You'd expect any presentation of Midway's 2006 lineup to begin with Unreal Tournament 2007, surely the most anticipated title in the company's upcoming catalog. But rather than show off a highly polished demo of the game at the company's recent press event, Epic Games producer Jeff Morris laid UT2K7 bare in its current, not-even-close-to-finished state so we could get a look at some of the nifty new features that are going into the next iteration of everyone's favorite competitive-shooter franchise. This intimate "fireside chat" gave us an interesting look at Epic's design process--but more importantly, it also gave us a peek at a good amount of the new stuff going into the game. And everyone loves new stuff.
First, Morris ran us through DM-CarbonFire, a new deathmatch map set within a Liandri robotics factory. The aesthetics of the level itself were consistent with what we've come to expect from UT: dingy and industrial, lots of dim corridors, and even some robots being put together on an assembly line in the background. Morris explained to us that since Unreal Engine 3 is so good at specific lighting and surface effects, UT2K7's levels actually ended up looking a little too polished--so the artists have added "grungification" to the process of level creation, whereby they insert dirt, clutter, and other realistic elements to give the new maps a lived-in feel. From what we saw in the video, they seem to be doing a good job.
Morris also talked about the artistic work going into UT2K7's weaponry, all of which that we've seen is returning from previous games. We got to see new versions of the rocket launcher, shock rifle, and link gun in action, and while these guns' behaviors all seemed consistent with past games, at least their visual design has evolved significantly. UT2K7's firing animations will be much more active and pronounced than in the past; you actually see the link gun open up when using its alt-fire, for instance, and the rocket launcher can be seen transforming and loading in rockets when you switch to its multiple-rocket mode.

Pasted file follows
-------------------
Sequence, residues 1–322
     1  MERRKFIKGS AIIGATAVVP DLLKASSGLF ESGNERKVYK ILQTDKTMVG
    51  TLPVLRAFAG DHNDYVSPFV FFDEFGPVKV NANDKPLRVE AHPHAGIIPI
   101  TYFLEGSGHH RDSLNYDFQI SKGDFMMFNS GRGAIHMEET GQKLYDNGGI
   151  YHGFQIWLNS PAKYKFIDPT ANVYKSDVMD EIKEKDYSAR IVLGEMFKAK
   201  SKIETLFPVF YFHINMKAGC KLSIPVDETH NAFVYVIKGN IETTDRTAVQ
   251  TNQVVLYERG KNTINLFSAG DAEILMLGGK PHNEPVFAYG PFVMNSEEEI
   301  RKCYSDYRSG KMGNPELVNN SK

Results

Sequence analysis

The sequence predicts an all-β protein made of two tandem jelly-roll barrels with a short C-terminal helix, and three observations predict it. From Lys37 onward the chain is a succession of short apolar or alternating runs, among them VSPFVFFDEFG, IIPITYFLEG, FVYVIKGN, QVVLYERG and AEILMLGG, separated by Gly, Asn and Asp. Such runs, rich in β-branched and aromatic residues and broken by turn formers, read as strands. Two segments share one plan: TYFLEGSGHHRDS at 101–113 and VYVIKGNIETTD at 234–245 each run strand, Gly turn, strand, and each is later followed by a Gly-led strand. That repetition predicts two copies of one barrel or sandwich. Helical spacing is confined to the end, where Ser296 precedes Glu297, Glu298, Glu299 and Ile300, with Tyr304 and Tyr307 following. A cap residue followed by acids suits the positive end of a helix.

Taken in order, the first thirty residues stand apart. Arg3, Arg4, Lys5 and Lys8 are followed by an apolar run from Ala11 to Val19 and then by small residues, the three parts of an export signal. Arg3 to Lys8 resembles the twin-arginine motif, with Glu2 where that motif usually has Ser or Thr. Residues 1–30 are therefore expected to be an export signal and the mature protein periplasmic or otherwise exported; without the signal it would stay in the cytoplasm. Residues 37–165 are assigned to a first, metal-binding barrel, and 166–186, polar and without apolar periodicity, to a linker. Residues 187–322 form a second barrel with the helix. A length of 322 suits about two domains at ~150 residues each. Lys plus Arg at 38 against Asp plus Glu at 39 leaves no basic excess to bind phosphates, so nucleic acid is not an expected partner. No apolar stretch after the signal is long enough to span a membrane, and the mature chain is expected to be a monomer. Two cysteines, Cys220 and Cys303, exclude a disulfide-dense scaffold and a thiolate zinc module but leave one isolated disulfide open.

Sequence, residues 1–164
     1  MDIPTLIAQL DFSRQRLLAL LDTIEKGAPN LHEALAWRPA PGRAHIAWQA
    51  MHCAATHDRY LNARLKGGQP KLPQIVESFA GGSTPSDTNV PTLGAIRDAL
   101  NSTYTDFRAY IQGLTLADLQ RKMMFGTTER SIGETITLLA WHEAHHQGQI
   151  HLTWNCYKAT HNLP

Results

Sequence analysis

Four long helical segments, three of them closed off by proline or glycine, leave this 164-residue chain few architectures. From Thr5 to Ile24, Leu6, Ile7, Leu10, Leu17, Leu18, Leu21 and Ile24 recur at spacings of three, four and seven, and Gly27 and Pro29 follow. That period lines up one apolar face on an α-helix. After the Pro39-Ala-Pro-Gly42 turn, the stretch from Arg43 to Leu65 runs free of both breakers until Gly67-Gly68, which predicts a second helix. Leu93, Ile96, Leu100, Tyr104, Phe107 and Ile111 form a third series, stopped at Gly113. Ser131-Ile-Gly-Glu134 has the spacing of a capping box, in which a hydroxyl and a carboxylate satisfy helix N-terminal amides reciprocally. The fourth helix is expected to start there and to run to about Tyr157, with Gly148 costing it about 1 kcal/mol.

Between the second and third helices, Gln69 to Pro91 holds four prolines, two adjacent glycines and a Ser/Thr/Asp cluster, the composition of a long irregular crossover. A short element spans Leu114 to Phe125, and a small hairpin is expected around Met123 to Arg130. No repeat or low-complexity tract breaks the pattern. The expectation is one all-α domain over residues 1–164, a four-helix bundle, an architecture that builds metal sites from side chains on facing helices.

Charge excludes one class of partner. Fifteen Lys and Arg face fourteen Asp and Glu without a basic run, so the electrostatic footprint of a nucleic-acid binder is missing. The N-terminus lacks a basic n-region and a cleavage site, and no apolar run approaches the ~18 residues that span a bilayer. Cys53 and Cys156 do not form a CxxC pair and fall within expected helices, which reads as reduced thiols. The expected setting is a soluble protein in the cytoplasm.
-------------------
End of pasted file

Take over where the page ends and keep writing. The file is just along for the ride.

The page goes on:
But enough about the new graphics--how's this thing going to play? It's been previously revealed that UT 2004's popular onslaught mode will make a return in UT2K7, though details beyond that have been sparse. Morris showed off three new vehicles that'll be featured in the upcoming game that ought to shift the balance in heated onslaught matches. The paladin is a new armored ground vehicle that's used primarily for escort and defense. Though you'll have a basic energy weapon on the paladin's turret, the vehicle's most important feature is a deployable energy shield that will absorb enemy fire, and you can rotate it around in real time along with the turret.
We also got to take a look at a new version of the SPMA (affectionately referred to as the SPAM), which UT veterans will know is able to deliver artillery fire far outside its visual range. You'll be able to deploy an aerial camera that will give you a bird's-eye view of the area you're trying to target, but the big difference in UT2K7 is that you'll be able to use the mouse to fine-tune your aiming for precision strikes (previously, you had to aim somewhat clumsily with the arrow keys). Finally, Morris said the team wants to emphasize aerial combat in the next version of onslaught, so he showed us the cicada, a new flyer that's intended for ground assault. This fairly quick vehicle has a cluster missile attack of sorts that lets you lock onto a target and then hit that target, even if you fire your rockets while facing the other direction.